Have plants embryos

Evolution and biodiversity of plants




After the first division of the zygote, a short, two-celled cell thread is present. A thread has two ends and the embryo is already bipolar at this stage. In the whole plant kingdom there are essentially two different possible positions for these first two cells in the archegonium. Either one cell is facing the archegonia neck and the other is accordingly turned away, or the partition between the two cells is facing the archegonia neck. The second solution occurs with most ferns (leptosporangiate ferns). In the first solution, one has to distinguish between two important subcases. The future pole of the shoot can arise from the cell pointing outside towards the archegonia neck; this position is called exoscopic. The exoscopic location is e.g. typical of the mosses, in which the opposite pole remains as a haustorium in the archegonium. If, on the other hand, the pole of the shoot is inward and the opposite pole is turned towards the archegonium, this position is referred to as endoscopic. The endoscopic position is characteristic of the seed plants, since the later radicle is formed at the opposite pole and this will emerge first through the micropyle during germination.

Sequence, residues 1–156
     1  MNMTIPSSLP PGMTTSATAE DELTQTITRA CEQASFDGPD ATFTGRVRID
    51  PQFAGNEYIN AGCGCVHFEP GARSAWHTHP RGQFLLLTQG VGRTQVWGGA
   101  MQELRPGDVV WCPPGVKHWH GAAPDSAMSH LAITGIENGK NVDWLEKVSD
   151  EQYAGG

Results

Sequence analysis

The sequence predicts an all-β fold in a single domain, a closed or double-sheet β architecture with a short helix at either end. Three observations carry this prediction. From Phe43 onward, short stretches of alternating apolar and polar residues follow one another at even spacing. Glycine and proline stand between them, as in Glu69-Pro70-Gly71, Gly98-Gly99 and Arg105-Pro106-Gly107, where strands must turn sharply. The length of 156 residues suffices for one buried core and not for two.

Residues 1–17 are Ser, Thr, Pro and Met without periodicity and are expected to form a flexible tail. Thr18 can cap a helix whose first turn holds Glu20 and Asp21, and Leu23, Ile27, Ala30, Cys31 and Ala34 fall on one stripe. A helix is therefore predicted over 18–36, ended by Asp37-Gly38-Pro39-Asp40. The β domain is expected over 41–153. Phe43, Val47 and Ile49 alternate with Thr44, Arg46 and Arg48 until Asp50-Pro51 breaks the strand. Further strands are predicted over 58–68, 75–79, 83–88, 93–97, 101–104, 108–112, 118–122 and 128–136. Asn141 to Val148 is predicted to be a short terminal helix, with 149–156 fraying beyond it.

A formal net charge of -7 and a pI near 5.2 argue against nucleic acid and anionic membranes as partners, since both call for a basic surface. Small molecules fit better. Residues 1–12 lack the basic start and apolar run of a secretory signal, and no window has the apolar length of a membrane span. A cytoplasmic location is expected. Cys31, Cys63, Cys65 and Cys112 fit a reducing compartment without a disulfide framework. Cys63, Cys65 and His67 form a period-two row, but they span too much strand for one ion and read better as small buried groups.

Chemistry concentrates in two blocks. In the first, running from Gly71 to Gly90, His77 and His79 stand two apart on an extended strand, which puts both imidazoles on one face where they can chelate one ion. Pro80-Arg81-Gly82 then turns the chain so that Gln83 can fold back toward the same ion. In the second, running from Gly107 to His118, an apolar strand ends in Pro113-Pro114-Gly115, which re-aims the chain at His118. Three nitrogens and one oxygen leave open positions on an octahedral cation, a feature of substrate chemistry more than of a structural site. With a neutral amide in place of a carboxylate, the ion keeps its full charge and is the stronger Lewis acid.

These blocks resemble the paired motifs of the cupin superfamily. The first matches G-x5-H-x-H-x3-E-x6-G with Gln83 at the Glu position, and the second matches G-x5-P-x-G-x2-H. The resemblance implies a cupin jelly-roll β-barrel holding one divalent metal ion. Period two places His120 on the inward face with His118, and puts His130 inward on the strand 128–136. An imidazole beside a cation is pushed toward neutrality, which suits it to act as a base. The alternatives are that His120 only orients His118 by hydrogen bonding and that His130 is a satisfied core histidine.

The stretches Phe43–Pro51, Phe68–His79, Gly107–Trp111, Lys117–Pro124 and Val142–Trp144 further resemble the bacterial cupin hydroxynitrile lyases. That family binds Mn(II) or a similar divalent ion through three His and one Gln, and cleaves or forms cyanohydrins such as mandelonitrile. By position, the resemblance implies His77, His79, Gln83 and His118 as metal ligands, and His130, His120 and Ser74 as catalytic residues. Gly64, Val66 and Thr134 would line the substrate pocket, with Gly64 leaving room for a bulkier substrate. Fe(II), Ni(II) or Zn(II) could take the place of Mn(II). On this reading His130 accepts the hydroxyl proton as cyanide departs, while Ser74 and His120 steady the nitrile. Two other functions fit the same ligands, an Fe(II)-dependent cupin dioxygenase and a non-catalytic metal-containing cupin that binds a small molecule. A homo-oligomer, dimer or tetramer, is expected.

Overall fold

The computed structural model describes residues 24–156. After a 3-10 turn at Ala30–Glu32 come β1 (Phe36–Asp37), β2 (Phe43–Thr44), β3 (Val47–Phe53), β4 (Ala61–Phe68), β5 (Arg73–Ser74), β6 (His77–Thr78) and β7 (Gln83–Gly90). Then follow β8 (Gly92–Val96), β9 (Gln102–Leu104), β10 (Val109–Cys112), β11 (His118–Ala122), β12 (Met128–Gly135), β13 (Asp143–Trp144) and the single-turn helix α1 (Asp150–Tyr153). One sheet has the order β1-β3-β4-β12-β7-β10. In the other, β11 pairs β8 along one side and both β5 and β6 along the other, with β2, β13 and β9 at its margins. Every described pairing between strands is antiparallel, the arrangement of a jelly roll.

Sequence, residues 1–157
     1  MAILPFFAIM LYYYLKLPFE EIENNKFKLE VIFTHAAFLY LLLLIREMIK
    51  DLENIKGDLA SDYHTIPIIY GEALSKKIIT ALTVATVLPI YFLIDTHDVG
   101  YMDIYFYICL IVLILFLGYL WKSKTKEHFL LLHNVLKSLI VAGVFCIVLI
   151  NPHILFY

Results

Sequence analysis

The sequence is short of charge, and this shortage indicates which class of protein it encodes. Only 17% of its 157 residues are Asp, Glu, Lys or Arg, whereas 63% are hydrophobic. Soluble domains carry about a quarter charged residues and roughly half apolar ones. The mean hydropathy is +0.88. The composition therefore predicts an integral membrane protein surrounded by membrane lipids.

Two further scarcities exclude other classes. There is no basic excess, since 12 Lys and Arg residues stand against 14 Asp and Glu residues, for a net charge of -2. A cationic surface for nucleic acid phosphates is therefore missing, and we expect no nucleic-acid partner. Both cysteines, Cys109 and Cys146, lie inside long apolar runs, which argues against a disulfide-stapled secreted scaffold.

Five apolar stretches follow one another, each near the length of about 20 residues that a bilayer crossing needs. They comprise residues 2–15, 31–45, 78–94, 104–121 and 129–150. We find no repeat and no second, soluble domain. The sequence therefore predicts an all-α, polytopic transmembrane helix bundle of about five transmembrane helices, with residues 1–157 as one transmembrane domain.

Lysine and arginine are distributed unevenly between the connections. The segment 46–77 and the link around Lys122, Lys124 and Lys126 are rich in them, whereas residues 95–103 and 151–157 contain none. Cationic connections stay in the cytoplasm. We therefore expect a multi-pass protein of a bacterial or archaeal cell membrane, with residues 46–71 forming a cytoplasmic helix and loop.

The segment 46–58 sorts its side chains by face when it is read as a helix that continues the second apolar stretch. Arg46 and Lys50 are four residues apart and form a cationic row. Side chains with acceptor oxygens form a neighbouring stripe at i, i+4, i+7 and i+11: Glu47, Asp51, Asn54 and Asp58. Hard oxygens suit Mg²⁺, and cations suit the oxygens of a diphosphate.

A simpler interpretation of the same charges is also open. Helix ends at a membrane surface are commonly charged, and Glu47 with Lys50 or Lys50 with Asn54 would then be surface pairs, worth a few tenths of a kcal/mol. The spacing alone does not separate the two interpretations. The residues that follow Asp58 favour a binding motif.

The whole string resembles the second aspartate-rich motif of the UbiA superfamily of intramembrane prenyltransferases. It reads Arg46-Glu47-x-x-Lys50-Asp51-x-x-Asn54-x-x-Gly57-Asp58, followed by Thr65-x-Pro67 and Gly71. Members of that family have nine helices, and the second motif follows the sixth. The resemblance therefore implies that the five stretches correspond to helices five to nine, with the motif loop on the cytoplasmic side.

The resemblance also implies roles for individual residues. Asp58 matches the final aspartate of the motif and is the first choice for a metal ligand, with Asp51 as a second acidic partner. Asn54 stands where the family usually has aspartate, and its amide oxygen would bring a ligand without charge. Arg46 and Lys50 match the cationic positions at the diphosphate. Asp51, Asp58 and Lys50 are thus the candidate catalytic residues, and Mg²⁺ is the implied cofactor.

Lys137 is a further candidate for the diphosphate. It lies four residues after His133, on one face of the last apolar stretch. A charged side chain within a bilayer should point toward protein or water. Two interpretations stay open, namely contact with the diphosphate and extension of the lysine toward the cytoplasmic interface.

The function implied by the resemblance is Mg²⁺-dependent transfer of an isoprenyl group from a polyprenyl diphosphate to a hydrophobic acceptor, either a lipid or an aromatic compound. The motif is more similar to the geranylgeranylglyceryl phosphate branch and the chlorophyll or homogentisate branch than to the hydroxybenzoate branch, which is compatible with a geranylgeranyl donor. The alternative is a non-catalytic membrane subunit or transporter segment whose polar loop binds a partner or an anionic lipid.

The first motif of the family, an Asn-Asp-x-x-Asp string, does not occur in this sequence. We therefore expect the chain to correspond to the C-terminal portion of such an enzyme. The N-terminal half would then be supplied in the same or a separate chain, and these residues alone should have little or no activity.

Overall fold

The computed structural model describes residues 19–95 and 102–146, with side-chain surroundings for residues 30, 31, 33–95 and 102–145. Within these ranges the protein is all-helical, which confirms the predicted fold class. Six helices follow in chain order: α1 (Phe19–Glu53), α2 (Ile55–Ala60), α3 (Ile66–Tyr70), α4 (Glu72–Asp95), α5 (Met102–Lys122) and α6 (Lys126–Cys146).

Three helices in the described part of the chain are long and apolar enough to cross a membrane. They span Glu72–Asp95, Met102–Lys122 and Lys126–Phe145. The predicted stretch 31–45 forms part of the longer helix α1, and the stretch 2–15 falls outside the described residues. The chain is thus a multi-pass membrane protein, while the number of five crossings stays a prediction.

Further divisions create a multicellular structure that already has a shoot vegetation point and one or more leaf systems. However, some of the cells of this structure degenerate again at an early stage and are not involved in the formation of the finished embryo that is ready to germinate. Certain parts of the embryo have very special and important tasks in individual development phases.


In moss and fern plants, nutrient uptake is perceived by a so-called foot, whereas in seed plants it is perceived by the cotyledons. In the case of the fern plants, the foot is opposite the point of the shoot vegetation and can be separated from it by a more or less distinct stalk. This stem can perhaps be homologated to the seta (capsule stem) of the mosses. The first root develops at quite different places in different groups of ferns, but it never arises at the other end of an axis of symmetry, as is the case with seed plants. All fern embryos are therefore more or less unsymmetrical.


In the cycads, the zygote first passes through up to 10 simultaneous nuclear divisions. The cell, which then contains up to 1024 nuclei, is usually transformed by wall formation into a cellular, undifferentiated tissue complex, which is referred to as the basal body. Starting from this and facing away from the micropyle, one or more filamentary structures develop, but they are multicellular in cross-section. These structures are called suspensors. A sprout vegetation point develops at the top of each suspensor. This means that from a zygote not just one embryo, but several genetically identical embryos can arise. In addition to this monozygotic polyembryony or fission polyembryony, a polyzygotic polyembryony can also occur wherever a macroprothallium has several archegonia. In the course of development, however, only one of the various embryos in an ovule is usually left; the others are crushed by the strongest embryo and degenerate prematurely.